Any individual who has been involved in a medical malpractice lawsuit understands the critical role registered nurses play in Ontario’s healthcare system. According to the, ‘nurses restore, maintain and advance the health of individuals, groups and entire communities’ by providing ‘direct nursing care … delivering treatment as prescribed by a physician, and in some cases administer medications.’ They also monitor and assess patients’ conditions, are essential to patients’ rehabilitation, and sometimes plan and deliver health programs for groups and communities.

When a patient loses their life, Ontario’s registered nurses may also be asked to participate in coroner’s inquests. This is may be an uncomfortable experience, but nurses’ testimonies can sometimes have a significant impact on a medical malpractice lawsuit.

Coroner’s inquests are not designed to assign blame to any individual healthcare practitioner, but to identify what went wrong and how similar events can be avoided. That’s not to say, however, that questionable decisions made by doctors or nurses that are revealed through an inquest won’t produce consequences down the road.

“Depending on how the evidence unfolds, there may be red flags raised about the behaviour of certain people involved,” said Tim Hannigan, a lawyer for Registered Nurses’ Association of Ontario (RNAO), in an interview with Hospital News. “From the perspective of, say, a family … if they have a civil suit … (the evidence given at any inquest) may mean they double their focus on a particular person. (The inquest) may influence how the civil suit proceeds.”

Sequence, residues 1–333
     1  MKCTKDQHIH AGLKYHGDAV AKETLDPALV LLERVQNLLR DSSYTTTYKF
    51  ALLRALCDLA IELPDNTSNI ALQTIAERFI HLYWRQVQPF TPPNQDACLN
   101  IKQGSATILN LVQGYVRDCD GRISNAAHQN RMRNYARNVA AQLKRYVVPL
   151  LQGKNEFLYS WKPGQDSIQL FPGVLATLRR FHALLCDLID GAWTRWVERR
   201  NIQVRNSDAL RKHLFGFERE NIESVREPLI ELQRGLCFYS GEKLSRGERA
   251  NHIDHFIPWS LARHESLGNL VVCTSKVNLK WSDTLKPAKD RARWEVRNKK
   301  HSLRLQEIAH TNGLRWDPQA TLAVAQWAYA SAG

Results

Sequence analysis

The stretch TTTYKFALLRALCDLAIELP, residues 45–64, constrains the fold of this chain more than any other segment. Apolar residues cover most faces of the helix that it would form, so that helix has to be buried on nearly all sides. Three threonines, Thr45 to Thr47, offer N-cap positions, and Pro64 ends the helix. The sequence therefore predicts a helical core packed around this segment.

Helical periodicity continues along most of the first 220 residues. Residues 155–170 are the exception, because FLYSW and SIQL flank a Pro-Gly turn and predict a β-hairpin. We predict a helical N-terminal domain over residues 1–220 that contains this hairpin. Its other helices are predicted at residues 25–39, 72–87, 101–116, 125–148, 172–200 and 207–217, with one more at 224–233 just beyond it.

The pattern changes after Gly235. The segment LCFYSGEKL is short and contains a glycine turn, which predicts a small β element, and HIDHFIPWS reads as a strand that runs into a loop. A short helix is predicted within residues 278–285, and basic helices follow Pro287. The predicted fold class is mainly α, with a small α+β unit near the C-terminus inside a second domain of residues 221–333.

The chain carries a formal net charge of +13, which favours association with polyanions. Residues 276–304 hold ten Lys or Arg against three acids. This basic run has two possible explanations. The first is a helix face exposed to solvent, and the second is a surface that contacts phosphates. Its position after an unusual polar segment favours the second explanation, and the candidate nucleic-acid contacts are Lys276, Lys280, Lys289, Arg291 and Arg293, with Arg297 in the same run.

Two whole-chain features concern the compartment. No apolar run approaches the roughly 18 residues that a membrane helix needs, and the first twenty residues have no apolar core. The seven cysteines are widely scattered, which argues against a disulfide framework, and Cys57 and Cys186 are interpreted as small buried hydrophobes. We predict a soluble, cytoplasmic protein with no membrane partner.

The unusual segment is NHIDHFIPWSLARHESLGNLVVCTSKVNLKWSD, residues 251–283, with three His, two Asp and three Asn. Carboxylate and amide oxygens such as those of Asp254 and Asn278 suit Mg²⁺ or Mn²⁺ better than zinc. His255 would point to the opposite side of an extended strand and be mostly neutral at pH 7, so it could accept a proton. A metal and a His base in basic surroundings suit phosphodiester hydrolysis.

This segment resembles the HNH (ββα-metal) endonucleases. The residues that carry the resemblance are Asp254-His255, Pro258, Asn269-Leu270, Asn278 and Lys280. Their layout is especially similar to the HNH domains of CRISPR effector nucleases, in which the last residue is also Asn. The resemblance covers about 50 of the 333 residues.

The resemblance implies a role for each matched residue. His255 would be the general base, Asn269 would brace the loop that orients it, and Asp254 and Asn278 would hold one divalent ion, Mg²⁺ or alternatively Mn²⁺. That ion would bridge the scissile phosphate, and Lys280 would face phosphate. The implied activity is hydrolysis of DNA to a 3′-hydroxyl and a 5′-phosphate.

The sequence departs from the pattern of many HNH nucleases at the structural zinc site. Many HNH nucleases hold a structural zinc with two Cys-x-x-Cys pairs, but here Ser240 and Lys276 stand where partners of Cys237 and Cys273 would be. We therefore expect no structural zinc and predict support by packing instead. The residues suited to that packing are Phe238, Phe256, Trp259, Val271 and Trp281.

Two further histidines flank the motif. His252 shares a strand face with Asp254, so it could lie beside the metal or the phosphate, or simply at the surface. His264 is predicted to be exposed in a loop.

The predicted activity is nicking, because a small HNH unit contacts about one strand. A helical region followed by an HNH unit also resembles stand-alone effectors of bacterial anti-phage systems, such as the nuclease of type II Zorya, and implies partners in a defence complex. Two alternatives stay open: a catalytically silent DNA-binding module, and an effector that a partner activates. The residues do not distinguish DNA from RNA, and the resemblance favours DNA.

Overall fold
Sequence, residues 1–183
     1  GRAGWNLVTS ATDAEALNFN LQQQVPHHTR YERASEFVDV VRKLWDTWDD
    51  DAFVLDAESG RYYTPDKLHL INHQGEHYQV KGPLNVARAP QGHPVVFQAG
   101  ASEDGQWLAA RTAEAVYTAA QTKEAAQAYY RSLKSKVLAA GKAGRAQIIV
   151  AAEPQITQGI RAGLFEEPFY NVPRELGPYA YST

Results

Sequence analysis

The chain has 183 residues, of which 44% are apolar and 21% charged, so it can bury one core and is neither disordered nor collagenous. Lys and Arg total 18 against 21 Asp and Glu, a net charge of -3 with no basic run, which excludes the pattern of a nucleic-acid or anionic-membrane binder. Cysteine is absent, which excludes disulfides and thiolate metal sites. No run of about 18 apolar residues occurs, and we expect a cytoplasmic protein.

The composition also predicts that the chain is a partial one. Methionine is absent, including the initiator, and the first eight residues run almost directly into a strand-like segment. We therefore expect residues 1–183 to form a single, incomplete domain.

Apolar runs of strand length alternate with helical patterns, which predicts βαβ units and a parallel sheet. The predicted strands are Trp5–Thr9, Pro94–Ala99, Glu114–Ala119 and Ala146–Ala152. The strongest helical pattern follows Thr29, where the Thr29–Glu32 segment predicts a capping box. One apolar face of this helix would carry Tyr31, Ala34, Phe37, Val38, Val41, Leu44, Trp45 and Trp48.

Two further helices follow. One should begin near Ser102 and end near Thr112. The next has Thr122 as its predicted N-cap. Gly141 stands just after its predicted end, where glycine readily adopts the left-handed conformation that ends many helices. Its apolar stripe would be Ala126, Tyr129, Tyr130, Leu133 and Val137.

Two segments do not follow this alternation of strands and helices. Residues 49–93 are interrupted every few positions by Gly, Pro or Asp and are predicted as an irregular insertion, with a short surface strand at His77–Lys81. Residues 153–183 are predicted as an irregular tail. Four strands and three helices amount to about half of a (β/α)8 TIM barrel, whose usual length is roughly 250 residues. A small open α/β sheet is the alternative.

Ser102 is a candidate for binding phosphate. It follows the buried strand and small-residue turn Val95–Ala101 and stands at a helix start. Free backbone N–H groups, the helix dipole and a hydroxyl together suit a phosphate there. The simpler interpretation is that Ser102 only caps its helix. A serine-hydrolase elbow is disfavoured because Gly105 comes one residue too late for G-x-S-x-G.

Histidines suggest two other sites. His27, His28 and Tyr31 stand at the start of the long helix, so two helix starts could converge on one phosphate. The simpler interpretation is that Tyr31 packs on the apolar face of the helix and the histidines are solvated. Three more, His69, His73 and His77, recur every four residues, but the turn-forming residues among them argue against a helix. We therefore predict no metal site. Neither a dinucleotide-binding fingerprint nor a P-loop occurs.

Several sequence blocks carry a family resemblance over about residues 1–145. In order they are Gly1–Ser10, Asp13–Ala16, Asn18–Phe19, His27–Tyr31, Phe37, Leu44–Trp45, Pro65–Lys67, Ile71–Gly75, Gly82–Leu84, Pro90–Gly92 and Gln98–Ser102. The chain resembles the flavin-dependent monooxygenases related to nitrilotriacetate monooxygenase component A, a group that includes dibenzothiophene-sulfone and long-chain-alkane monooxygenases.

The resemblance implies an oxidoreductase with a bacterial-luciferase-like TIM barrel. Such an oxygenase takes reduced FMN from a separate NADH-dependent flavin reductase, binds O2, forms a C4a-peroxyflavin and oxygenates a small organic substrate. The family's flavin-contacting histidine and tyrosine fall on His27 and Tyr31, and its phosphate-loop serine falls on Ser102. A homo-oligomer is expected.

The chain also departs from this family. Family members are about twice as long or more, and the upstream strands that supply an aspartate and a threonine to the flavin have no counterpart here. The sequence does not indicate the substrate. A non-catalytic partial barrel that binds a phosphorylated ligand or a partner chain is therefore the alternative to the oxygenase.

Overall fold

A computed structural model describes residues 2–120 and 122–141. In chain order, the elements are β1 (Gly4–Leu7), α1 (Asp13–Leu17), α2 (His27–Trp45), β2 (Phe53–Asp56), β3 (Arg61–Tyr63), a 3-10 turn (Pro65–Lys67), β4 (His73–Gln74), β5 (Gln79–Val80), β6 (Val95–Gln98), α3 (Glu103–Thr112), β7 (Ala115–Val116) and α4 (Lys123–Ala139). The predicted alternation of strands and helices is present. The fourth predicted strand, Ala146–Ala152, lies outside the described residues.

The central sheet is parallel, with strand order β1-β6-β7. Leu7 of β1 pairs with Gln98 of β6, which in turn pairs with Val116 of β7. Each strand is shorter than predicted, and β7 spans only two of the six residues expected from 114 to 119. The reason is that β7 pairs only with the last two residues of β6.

Hence the importance of coroner’s inquests to lawyers litigating a medical malpractice lawsuit, and the apprehension some registered nurses may feel prior to their testimony. Regardless, Wendy Fucile, a past president of RNAO, believes inquests are vital to patient safety in Ontario.

“I think coroner’s inquests are an incredibly important part of our system,” she told hospital news. “It’s a privilege – maybe a bit scary, but still a privilege – to be able to be part of trying to make it better.”

The inquest process also serves as a grave – and necessary – reminder to healthcare professionals that patients’ lives are literally in their hands.

“Approach everything as if it’s as serious as something that could be the focus of a coroner’s inquest,” Hannigan advised. “Always document as if you are one day going to be on the stand testifying about it.”

If you or a member of your family believes you have grounds to initiate a medical malpractice lawsuit, contact Neinstein Personal Injury Lawyers’ Medical Malpractice Group to set up a free, no-obligation consultation. Our team will help you understand the potential challenges of civil lawsuits and guide you on your next steps forward.

Greg Neinstein